Safety tips for Turkey Bowl football fun
For many, a football game at a local park is as much a part of Thanksgiving as a turkey dinner.
Playing football on Thanksgiving, also known as a Turkey Bowl, can bring out the competitive edge in former athletes, many who are no longer in the shape they once were, making them prone to injury.
“Unfortunately, I’ve seen a lot of injuries through the years that are the direct result of this once-a-year Thanksgiving Day ritual,” says Dr. Steven Chudik, sports medicine physician and orthopedic surgeon at Advocate Good Samaritan Hospital in Downers Grove, Ill. “Some are preventable, some are not.”
Common Turkey Bowl injuries
The most common injuries are strains or pulled muscles — hamstring, quadriceps, groin and calf. Dr. Chudik says these injuries can often be prevented with a good warm-up that includes dynamic stretching and some running.
Although muscle strains are common to see following Turkey Bowl games, more serious injuries such as shoulder dislocations, separated shoulders, anterior cruciate ligament tears, quadriceps tears, patellar and Achilles tendon ruptures and hand and ankle fractures can also occur. For these more serious injuries, Dr. Chudik recommends seeing a sports medicine physician to begin treatment and rehabilitation as soon as possible.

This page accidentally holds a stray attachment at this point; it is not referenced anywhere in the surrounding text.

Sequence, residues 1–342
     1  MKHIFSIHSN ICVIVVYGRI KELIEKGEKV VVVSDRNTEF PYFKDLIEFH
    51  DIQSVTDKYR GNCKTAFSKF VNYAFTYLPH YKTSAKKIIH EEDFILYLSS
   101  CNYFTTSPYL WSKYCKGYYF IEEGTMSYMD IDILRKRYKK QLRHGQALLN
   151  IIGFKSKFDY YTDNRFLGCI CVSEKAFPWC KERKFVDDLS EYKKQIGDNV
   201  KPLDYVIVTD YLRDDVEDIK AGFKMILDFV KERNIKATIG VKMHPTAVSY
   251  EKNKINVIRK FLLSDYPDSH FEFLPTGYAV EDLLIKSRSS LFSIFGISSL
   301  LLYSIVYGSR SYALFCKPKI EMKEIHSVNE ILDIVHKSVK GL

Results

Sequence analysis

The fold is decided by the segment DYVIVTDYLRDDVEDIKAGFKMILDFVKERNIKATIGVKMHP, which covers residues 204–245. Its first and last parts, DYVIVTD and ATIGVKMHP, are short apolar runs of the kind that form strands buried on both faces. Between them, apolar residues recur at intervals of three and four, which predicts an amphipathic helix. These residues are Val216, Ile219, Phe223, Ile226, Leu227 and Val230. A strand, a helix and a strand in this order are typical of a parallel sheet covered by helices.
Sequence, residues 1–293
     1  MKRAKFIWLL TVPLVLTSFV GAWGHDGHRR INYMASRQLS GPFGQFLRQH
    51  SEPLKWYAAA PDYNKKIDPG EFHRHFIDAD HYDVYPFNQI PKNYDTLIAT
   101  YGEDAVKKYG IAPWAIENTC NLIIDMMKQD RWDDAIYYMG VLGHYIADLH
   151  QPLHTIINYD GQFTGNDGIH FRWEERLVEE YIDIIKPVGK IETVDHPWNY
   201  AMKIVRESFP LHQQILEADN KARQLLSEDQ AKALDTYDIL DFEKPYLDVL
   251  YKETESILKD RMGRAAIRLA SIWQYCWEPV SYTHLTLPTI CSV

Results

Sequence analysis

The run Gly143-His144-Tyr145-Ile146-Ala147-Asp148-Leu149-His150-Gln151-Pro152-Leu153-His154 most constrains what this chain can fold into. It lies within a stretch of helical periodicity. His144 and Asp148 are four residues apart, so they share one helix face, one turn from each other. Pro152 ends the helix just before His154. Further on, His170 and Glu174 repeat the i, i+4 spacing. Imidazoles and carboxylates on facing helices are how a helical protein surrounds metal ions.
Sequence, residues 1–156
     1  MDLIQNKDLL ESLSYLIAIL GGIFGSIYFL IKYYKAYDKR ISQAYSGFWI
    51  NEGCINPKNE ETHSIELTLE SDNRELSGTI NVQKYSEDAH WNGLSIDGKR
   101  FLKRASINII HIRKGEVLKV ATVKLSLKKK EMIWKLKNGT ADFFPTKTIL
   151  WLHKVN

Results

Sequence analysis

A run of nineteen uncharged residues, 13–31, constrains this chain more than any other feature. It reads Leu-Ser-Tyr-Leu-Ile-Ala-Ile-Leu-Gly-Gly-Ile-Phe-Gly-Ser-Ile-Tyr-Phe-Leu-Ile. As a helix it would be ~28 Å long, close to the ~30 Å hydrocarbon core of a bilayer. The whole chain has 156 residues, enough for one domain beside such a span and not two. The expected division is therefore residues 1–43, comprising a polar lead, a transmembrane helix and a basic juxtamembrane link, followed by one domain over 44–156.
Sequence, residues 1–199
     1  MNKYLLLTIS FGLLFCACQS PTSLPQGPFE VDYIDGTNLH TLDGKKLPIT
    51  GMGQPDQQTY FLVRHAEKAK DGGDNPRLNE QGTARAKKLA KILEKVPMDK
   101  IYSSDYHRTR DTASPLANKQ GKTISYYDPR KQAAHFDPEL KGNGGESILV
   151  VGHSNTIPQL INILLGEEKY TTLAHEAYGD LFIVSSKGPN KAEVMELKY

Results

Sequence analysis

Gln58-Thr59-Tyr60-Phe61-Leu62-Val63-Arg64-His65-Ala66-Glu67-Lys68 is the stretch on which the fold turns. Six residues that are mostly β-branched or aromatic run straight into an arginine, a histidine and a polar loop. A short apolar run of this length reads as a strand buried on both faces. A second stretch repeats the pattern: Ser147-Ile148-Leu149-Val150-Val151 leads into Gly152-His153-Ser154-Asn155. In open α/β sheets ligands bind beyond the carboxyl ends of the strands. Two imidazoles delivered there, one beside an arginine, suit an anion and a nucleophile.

The playing surface, shoes, weather and playing beyond one’s physical capability can contribute to these injuries. Many like to think they can still go out and play a friendly game of touch football, when in reality it can be very risky if they don’t exercise regularly.
To prevent injuries Dr. Chudik offers these tips:
- Begin conditioning at least four to six weeks before the big game. This should consist of regular stretching and strengthening, as well as running and agility exercises.
- If that isn’t possible, avoid activities that pre-fatigue muscles in the few days preceding the game and arrive early to warm-up.
For those who may wind up injured, Dr. Chudik recommends the R.I.C.E protocol for pulled or strained muscles, which stands for Rest, Ice, Compression and Elevation. In addition, non-steroidal anti-inflammatory medication such as ibuprofen can help provide quick pain relief.
For more severe symptoms, he recommends an evaluation by a sports medicine specialist for proper diagnosis and treatment that may include physical therapy to regain full function and prevent re-injury.
About the Author
health enews staff is a group of experienced writers from our Advocate Health Care sites, also including freelance or intern writers.